Sep 30, 2014

Music Review: Yes I'm Leaving-Slow Release

     Plainly pictured on the front of Yes I'm Leaving's Slow Release is a collage of suburban tract homes with an assembly of human skulls looming largely above. ("This existence is death, man!") I imagine one of those nondescript garages contains a post-punk band wanting nothing more than to fulfill the promise of its name. Well, I personally haven't heard any post-punk (of recent) from Australia. It's currently a land that represents psychedelia and Nick Cave for me. So, I'll say, "Mission Accomplished, Yes I'm Leaving."
     For me, Slow Release really doesn't get any better than the first track, 'One'. It's a perfect Mission of Burma ripoff, complete with a rubber-band, thunderous bass; except with a second guitar and some swirly synth flourishes. The lyrics sound as if they're referring to both the band's name and the album's; "I had a vision/of you/now/one". The goal is transcendence. It's a sentiment of teen angst but men have visions whereas boys only have dreams. I really hope these dudes aren't ages 30+. I guess the narrative would be a bit comedic, for me, in that case.
     There're other lyrics on Slow Release that allude to small-town life and an anticipation of something more. Yes I'm Leaving is a talented band. Every song is tightly-woven save for the ending bit of Salt in which it's allowed to dissolved and then sputter out. Care Less is a pretty straight-forward, almost mid-tempo rocker. It doesn't sound as if it belongs on this album, sandwiched between the rest of more stylized fare. It's a lazy song by-design...Well, whatever.
     So I guess Slow Release is for anyone, young or old, who can identify with its cover art. It's not restless, it's determined. It's just saying its last goodbyes.

                                               The Verdict: 3 Bedpans

Sep 21, 2014

Music Review: BRONCHO-Just Enough Hip To Be Woman

     If any band deserves to use an ALL-CAPS moniker, it's BRONCHO. In my estimation, they have replaced Spoon as the most swaggerlicious modern band I know. 'Just Enough Hip To Be Woman' is loaded with undeniable dance-floor material. Everything is so on-point here. This album has broken my damn barometer. I really don't anticipate any other 2014 release unseating its current place of dominance in my world.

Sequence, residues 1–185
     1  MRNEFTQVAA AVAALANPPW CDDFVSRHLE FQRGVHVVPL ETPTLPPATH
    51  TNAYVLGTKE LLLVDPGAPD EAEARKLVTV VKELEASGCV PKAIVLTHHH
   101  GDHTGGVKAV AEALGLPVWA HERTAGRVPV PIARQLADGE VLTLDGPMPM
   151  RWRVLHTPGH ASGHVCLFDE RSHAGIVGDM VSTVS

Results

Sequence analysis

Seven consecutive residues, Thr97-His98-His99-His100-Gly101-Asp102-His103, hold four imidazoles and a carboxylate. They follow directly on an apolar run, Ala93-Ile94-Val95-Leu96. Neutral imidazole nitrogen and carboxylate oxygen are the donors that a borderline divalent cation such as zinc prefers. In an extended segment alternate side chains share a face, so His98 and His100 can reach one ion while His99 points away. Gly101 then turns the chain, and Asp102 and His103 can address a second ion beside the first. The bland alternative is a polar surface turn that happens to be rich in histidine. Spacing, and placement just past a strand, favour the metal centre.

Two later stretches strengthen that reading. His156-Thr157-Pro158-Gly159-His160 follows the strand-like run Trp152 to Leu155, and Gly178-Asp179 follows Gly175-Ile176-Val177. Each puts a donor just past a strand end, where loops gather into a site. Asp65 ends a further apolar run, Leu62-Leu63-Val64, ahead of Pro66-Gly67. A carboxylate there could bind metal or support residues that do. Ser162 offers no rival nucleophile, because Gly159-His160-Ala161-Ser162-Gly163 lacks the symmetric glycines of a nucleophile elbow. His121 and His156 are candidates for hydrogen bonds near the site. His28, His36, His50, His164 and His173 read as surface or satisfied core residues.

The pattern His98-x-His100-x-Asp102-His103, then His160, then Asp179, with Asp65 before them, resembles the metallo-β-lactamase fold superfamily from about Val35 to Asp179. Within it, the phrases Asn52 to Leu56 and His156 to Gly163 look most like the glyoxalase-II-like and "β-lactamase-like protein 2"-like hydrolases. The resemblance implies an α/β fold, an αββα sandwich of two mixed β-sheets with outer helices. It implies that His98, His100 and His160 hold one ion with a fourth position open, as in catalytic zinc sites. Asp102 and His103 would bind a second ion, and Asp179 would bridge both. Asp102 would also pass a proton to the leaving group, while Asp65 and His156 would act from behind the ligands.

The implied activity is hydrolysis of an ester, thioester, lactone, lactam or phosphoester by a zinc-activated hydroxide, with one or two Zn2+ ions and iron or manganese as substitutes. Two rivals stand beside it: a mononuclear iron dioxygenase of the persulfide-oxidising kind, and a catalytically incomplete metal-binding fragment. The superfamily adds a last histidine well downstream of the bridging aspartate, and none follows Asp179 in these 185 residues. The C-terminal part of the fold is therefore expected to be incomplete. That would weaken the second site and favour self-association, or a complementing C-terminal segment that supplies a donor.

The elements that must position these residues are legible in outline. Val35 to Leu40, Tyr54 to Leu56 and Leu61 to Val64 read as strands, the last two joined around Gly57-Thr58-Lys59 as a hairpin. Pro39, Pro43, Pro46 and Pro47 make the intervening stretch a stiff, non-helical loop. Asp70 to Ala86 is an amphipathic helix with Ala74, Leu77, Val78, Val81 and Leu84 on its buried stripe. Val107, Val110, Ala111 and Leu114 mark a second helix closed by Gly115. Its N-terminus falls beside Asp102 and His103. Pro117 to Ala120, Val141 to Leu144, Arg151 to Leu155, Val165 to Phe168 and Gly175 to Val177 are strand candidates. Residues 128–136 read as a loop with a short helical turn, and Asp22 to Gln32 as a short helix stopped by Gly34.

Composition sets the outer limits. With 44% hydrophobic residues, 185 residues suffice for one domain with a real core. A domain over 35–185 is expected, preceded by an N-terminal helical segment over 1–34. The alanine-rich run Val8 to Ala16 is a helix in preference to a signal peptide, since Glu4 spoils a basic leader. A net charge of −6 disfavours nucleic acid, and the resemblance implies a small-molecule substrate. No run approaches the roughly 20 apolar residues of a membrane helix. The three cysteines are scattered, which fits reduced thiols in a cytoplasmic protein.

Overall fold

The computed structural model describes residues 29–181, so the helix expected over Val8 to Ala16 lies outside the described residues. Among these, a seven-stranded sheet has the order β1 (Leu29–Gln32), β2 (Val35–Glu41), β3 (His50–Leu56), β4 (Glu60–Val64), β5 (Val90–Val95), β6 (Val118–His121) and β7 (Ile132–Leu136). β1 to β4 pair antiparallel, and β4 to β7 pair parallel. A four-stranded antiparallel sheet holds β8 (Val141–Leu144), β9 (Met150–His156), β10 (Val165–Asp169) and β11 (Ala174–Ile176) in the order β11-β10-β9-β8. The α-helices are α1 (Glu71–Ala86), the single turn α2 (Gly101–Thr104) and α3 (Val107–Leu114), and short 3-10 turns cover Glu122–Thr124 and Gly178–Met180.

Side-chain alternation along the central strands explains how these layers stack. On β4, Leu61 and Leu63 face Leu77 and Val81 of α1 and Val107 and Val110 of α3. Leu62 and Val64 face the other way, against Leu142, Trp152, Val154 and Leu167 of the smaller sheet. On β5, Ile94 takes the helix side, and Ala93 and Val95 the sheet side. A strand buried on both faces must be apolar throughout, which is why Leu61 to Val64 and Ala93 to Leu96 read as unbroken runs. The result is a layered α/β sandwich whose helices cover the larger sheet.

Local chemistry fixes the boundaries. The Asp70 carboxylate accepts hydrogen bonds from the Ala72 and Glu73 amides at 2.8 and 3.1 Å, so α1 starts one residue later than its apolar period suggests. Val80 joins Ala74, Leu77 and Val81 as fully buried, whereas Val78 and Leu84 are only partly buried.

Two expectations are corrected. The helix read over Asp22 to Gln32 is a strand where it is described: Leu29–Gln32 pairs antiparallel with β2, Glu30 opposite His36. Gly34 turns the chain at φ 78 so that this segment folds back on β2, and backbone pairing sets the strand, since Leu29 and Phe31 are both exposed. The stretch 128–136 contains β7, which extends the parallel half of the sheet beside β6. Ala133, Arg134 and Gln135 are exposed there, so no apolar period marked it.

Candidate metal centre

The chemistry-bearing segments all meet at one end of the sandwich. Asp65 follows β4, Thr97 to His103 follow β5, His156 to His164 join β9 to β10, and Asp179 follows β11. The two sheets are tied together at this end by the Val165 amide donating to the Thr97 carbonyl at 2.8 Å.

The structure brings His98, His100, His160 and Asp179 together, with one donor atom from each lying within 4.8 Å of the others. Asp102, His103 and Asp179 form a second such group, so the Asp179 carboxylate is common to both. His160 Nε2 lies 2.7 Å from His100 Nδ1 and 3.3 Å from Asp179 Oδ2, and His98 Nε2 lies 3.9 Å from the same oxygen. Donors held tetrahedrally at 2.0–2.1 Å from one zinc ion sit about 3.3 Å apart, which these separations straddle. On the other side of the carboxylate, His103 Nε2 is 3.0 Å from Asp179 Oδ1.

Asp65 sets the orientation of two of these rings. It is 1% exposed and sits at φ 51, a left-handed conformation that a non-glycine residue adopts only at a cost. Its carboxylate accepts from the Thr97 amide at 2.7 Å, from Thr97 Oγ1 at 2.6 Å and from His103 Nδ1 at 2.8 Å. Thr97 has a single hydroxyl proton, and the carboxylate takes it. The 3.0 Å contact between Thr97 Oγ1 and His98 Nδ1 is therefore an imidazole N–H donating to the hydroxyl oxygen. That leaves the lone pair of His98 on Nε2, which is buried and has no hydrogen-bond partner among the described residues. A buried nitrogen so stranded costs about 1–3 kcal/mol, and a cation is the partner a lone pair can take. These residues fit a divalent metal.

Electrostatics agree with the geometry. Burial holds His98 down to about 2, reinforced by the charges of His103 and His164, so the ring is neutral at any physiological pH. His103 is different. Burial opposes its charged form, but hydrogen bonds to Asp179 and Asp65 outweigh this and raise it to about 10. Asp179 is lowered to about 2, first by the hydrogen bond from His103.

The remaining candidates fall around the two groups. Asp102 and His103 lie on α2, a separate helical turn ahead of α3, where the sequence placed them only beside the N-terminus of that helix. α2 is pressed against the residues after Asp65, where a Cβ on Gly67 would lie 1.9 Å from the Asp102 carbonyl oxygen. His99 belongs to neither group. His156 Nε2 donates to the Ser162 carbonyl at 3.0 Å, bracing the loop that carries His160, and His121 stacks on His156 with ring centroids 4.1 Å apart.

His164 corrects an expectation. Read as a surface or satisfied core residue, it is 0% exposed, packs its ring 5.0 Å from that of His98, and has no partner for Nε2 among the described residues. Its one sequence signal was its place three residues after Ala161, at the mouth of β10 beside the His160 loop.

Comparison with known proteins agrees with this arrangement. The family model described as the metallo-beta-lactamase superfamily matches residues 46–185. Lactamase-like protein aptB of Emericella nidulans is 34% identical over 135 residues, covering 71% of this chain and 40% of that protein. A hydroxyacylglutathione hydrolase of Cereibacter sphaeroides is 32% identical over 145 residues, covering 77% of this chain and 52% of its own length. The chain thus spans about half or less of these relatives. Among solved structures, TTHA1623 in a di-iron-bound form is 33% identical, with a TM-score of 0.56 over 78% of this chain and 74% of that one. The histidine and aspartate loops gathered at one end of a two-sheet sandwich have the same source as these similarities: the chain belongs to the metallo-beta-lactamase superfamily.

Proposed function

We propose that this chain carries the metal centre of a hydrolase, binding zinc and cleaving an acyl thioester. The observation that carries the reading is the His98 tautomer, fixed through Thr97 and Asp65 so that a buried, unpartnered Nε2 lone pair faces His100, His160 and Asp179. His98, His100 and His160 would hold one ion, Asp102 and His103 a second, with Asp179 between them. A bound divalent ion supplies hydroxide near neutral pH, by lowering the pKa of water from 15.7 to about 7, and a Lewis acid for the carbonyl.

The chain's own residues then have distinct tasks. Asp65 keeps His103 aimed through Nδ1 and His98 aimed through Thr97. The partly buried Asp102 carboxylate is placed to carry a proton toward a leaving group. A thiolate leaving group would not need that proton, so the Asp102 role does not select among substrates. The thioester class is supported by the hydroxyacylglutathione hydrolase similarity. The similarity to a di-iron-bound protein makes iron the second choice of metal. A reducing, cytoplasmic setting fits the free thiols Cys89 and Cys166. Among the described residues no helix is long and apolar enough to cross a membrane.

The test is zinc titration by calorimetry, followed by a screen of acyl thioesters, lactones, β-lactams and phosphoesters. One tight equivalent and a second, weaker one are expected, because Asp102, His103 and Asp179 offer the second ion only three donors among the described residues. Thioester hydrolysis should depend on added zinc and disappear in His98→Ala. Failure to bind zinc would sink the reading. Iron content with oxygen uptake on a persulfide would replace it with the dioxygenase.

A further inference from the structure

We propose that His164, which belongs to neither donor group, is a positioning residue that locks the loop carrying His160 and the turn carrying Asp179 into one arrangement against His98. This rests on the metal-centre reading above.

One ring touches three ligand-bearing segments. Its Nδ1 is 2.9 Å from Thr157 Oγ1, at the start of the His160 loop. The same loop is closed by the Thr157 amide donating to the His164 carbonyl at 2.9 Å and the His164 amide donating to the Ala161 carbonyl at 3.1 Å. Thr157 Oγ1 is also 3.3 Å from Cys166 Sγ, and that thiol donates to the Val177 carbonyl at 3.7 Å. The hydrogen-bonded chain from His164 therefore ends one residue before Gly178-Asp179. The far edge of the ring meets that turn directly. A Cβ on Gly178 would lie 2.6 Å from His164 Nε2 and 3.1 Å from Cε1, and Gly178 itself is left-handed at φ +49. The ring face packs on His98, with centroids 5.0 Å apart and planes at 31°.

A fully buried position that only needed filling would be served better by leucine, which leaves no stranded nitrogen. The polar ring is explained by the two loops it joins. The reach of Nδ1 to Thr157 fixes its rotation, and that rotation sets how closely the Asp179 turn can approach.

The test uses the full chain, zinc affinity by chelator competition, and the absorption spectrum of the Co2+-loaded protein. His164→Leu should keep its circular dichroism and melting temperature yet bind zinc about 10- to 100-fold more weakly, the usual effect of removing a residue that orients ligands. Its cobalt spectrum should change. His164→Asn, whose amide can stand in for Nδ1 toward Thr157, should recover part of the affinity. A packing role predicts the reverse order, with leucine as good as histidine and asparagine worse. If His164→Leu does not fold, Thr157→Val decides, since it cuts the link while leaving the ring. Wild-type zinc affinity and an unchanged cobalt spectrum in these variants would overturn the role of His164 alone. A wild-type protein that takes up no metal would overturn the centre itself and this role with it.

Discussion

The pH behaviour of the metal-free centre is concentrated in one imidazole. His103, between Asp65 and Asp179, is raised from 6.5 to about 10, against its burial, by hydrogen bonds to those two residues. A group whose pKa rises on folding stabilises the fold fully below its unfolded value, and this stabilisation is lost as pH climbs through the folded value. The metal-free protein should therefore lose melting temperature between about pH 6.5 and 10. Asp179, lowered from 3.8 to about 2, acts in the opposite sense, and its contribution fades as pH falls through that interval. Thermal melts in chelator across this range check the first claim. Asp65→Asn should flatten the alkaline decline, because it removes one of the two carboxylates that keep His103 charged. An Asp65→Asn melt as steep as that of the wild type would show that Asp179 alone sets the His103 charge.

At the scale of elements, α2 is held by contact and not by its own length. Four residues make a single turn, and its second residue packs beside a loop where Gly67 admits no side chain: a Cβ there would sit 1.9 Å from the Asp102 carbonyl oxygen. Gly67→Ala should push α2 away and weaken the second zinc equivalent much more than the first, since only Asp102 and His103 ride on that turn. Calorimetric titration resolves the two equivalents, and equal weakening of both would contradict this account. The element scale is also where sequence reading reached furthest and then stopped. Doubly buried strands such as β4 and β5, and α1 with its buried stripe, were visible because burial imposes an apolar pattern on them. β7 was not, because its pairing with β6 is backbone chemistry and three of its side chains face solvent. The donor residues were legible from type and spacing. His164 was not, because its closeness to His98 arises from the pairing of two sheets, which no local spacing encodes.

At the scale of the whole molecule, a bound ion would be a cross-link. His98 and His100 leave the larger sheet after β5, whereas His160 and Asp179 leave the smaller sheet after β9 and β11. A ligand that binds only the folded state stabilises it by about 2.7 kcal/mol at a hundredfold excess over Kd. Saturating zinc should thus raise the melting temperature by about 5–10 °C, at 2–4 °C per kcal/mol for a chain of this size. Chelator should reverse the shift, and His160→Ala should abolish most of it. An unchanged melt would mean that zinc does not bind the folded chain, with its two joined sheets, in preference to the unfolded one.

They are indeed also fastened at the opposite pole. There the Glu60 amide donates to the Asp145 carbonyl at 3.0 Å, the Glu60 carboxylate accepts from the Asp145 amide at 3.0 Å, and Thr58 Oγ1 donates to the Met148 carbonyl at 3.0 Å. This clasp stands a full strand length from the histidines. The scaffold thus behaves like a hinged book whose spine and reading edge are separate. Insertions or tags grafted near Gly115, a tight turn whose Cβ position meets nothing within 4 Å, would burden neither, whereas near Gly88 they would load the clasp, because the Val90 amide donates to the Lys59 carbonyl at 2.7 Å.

Of course, my excitement begins with the very first track, 'What', sounding reminiscent of Bowie's 'Queen Bitch'.  The album as a whole hearkens back to acts like Dire Straits (MTV is even mentioned towards the end) and The Cars with keyboards, genius riffs, couldn't-possibly-be-more-tight rhythm section, loose and playful vocals. It's pop heroin, man. It's an album that I'd like to include in some sort of square ambush. When this thing is playing, everyone within earshot better cease whatever they're engaged with and succumb to its spell.
     I don't yet know where these five dudes live in Oklahoma, but they should be takin' over that state. Even The Flaming Lips can learn something from BRONCHO. Here's to this album being reckoned with for decades-to-come, including but not limited to, cuts being heavily-rotated at Thunder games. Bravo, BRONCHO, bravo!

         The Verdict: Unknown (Strongest Guess: 20 Quadrillion Bedpans)

Music Review: Monster Treasure-Monster Treasure

     I love the intensity of this trio. The bass is very meaty, like Krist Novoselic. The guitar never changes tone and the drums are poppy. Monster Treasure don't need much to communicate. Two of the members are women and they often each sing different parts, adding a welcome dynamic to the sonics. Monster Treasure are what The Muffs hath begot. 
     I wish the vocals were a bit less breathy 'cause I'd like to know what 'Assholes' is on about. Meanwhile 'Psychedelic Girl' is a faithful pop-punk tune.
     Score another win for Stockton and, by proxy, Brooklyn's Harlot Records, which seems hell-bent on signing every damn act in that scene. So far, so good.

                                                                                                                            The Verdict: 3 Bedpans

Sep 10, 2014

Music Review: Os Noctambulos-Corsica Garden

     Some things in life are so good they hurt to consider. Is it safe to believe in magic? If I'm being completely honest, the idea of a modern Franco/Anglo band sounding as if they came from mid-late '60s garage/surf/psych pop era isn't quite impossible to fathom. Plenty of bands try for this sound, but when one seems to nail it so precisely, it seems unreal, and the initial shock upon first listen is considerable. Is every instrument actually played so stylistically as to sound era-specific or era-authentic? Even for myself, it's bit hard to imagine this perfect sound existing in 2014. 
     "Take my hand. Take my wrist. 'Cause it scares me, what I might do." sings Nick Wheeldon on, perhaps, the best track on Corsica Garden, 'It Scares Me'. Those are convincing words considering Os Noctambulos have pretty much perfected their sound. Nothing on Corsica Garden feels the least labored. If this band can write such masterful pop tunes so seemingly effortlessly, is there any limit to their potential? It scares me to think of what the hell else they "might do". Os Noctambulos belong on a Wes Anderson film's soundtrack. I can undoubtedly state that they have the same chops as any heavy-hitting '60s pop band that I can name-drop. Not only that, but I will, from today forward, rank Corsica Garden among the best albums from any of that era. I don't think it's crazy to set this album alongside the greats. 
     For music lovers, Corsica Garden is nothing short of beguiling. Os Noctambulos have  set a new, bold standard for all modern garage pop bands.


                                                                                                                           The Verdict: 4 Bedpans